A poor choice in props

Updated
 

Rachel appeared on “Up with Chris Hayes” on Saturday morning, and made an interesting observation about the setting in which Mitt Romney introduced Paul Ryan as his running mate.

If you missed it, Romney and Ryan effectively used the USS Wisconsin, a decommissioned battleship, as a campaign prop. It’s hard not to wonder how the political world would have reacted if two Democrats who never wore a uniform tried to pull a stunt like this.

And yet, Romney and Ryan, who combined have exactly zero experience in the military, national security policy, and/or international affairs – strange bank accounts in Switzerland and the Cayman Islands notwithstanding – found this appropriate, and faced very little pushback.

I’d just add one related thought on this. Ryan isn’t just lacking in military experience, he’s also one of the very few politicians in Congress who has attacked the integrity of American military leaders.

The incident has been largely forgotten, but in the spring, Ryan, in his capacity as chairman of the House Budget Committee, insisted that he – and not America’s military leadership – should be trusted when it comes to defense spending levels that keep Americans safe. Ryan went on to say, without proof, that he suspected Pentagon leaders may have been deliberately misleading Congress.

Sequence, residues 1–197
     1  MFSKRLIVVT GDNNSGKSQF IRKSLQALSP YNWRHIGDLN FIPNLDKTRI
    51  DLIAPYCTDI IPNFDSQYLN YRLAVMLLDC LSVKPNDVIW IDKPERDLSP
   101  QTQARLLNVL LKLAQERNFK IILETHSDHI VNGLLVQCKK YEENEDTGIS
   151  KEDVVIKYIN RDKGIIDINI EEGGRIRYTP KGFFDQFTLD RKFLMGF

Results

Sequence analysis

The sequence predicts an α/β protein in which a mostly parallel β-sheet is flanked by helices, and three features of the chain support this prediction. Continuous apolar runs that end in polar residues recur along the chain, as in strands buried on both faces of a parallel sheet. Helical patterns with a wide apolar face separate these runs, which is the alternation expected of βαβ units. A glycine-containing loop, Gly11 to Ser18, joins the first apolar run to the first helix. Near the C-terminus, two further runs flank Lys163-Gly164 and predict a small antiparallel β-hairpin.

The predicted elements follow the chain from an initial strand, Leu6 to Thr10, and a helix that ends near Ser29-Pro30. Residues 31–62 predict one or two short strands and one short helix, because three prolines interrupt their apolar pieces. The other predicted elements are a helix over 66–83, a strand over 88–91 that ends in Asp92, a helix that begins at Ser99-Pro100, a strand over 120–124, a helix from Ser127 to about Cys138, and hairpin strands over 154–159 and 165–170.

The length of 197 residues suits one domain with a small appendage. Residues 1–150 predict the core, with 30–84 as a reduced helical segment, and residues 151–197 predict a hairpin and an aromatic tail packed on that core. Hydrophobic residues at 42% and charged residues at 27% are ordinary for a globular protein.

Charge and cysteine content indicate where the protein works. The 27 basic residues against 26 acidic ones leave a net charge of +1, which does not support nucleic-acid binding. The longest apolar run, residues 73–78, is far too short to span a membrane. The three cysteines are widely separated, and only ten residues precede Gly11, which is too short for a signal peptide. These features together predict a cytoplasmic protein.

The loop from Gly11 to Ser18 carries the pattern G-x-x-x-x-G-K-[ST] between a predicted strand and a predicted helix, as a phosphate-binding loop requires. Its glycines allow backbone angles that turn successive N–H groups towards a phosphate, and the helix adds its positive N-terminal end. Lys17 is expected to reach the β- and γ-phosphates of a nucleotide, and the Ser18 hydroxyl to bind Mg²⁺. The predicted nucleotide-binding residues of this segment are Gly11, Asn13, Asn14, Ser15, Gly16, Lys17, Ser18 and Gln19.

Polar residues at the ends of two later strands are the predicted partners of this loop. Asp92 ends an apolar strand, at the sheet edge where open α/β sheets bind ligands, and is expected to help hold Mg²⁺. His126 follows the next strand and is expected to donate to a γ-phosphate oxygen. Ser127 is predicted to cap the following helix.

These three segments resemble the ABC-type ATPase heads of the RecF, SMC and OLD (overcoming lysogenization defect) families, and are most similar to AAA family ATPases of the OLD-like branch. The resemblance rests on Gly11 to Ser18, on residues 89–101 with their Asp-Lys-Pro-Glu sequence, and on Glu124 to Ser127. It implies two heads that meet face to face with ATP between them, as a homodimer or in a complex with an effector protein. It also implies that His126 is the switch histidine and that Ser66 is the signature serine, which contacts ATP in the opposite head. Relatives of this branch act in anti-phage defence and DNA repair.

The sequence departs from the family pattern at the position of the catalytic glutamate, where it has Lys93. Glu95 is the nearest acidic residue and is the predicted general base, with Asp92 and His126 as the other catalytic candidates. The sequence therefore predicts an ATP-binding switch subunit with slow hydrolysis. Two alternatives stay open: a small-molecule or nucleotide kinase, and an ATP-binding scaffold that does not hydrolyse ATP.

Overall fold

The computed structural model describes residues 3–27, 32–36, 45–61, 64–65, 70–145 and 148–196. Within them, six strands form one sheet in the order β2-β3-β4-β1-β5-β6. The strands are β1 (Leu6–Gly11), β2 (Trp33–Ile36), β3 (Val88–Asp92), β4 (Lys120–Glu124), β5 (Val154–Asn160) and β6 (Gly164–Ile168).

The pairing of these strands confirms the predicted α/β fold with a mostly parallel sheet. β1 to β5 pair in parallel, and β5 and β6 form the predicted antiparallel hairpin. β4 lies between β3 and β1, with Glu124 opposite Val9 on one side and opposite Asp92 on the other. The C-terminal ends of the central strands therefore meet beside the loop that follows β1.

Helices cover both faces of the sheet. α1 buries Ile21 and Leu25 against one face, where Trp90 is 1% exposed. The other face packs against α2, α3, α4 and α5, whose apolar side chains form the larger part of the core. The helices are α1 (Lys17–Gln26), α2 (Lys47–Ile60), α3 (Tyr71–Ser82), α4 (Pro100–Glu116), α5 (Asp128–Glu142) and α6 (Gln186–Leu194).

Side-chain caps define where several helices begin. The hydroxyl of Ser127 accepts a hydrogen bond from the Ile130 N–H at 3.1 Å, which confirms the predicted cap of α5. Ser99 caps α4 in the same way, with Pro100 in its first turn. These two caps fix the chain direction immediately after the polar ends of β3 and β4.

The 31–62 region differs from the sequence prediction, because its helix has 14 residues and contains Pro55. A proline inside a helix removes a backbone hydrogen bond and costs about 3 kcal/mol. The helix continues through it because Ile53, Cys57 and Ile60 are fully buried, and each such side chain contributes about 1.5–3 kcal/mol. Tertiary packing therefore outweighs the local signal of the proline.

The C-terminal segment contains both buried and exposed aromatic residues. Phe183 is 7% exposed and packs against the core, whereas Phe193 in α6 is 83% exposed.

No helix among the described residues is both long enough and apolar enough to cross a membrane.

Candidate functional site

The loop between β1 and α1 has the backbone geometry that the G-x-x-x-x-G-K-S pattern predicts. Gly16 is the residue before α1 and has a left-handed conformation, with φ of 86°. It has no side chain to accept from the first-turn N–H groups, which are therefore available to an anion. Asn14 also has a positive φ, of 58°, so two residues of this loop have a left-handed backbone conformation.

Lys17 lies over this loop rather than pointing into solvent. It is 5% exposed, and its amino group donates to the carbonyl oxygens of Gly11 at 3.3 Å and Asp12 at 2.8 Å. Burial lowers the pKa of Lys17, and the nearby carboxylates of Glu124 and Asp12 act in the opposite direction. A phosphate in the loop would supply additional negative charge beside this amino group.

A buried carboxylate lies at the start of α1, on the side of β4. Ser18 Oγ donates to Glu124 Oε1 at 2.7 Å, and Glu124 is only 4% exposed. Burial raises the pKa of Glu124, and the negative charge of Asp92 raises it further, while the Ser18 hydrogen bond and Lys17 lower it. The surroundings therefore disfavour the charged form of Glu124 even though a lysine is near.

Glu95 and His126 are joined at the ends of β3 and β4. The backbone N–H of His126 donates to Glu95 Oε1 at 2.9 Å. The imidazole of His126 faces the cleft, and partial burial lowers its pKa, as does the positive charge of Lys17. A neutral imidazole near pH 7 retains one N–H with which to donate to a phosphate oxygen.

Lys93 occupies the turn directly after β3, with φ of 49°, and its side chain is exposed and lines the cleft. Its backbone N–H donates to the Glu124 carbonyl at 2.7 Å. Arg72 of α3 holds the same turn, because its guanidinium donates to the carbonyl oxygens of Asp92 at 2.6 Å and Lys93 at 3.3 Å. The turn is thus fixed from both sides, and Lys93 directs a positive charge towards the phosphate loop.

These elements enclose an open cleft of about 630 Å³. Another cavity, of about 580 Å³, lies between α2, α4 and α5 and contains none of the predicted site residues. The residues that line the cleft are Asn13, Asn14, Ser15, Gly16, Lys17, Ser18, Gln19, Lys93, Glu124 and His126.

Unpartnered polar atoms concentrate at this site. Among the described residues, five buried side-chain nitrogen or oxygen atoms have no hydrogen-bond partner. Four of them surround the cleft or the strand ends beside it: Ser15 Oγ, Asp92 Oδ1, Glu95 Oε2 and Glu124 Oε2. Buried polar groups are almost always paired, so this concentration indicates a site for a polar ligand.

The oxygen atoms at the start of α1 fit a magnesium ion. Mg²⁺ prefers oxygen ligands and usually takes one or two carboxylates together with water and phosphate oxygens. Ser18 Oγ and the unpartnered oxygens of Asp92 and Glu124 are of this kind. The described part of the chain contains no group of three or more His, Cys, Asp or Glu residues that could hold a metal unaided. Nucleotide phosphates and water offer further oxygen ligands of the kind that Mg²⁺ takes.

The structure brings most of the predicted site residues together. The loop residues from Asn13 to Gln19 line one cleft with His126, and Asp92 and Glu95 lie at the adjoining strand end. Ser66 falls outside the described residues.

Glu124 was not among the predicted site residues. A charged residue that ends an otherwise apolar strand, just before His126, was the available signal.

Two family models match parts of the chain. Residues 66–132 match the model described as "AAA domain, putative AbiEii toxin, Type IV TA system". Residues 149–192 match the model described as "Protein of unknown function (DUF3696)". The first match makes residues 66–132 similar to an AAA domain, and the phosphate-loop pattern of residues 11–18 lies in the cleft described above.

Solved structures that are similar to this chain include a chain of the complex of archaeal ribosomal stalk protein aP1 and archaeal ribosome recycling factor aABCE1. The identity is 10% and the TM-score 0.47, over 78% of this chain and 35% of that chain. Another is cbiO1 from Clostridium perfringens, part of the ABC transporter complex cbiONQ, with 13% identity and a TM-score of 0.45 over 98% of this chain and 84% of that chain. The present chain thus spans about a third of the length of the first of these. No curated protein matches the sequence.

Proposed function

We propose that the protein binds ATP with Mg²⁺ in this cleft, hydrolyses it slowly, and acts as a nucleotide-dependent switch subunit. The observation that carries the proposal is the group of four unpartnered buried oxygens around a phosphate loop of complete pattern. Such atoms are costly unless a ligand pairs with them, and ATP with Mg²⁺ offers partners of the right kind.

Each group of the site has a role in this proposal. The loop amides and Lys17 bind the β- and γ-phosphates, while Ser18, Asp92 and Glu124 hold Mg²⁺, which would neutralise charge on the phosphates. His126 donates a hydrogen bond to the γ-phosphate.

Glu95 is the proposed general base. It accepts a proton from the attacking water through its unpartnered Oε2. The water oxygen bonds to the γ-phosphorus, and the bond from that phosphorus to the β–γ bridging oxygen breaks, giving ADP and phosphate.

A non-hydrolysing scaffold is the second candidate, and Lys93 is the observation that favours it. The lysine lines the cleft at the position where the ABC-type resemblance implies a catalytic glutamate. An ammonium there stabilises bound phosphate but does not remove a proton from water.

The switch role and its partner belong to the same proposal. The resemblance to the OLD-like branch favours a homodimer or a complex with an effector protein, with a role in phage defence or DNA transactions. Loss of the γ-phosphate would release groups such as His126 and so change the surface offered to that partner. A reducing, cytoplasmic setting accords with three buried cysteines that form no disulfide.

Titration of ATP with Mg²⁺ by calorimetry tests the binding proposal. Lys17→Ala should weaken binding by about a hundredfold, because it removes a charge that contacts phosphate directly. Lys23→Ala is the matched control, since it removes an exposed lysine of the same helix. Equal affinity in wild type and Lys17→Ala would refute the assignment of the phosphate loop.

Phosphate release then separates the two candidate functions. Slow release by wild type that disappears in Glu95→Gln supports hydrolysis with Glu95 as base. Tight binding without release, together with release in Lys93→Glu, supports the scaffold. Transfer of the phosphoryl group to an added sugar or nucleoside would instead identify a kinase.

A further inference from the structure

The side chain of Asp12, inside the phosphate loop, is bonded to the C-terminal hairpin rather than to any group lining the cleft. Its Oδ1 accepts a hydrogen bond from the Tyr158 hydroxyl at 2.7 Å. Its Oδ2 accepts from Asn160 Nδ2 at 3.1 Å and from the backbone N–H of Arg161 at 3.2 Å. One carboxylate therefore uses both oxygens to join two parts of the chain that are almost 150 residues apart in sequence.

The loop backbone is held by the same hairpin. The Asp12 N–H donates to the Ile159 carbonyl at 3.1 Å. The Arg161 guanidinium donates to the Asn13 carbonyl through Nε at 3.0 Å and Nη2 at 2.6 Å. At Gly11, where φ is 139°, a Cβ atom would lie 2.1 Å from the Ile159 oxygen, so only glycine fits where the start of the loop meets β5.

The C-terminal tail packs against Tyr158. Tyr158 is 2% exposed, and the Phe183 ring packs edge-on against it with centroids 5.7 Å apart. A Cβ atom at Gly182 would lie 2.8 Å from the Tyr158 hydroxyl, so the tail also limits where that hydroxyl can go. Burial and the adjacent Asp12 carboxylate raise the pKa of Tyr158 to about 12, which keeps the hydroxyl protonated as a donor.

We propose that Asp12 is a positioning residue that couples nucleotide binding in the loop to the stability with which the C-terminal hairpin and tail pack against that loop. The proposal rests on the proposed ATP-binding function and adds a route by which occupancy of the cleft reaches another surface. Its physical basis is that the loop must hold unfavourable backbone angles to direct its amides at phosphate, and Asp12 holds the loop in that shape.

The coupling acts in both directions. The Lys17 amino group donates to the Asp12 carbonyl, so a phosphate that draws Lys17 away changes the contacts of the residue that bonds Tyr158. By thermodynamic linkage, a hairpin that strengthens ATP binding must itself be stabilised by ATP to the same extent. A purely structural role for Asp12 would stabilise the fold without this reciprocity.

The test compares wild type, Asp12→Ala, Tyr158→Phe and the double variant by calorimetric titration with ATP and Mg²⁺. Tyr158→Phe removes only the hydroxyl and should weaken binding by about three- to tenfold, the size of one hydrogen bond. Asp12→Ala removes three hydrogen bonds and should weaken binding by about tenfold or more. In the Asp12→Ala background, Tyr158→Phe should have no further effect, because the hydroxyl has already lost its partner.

Army Gen. Martin Dempsey, chairman of the Joint Chiefs of Staff, was not at all pleased with the right-wing congressman. “There’s a difference between having someone say they don’t believe what you said versus … calling us, collectively, liars,” Dempsey said at the time about Ryan. (The lawmaker later said he “misspoke.” A closer inspection shows otherwise.)

Had this been a Democrat, Ryan would have been branded “anti-military” for life. But Ryan’s a Republican, so instead he uses a battleship as a campaign prop.

Defense Spending and Paul Ryan

A poor choice in props

Updated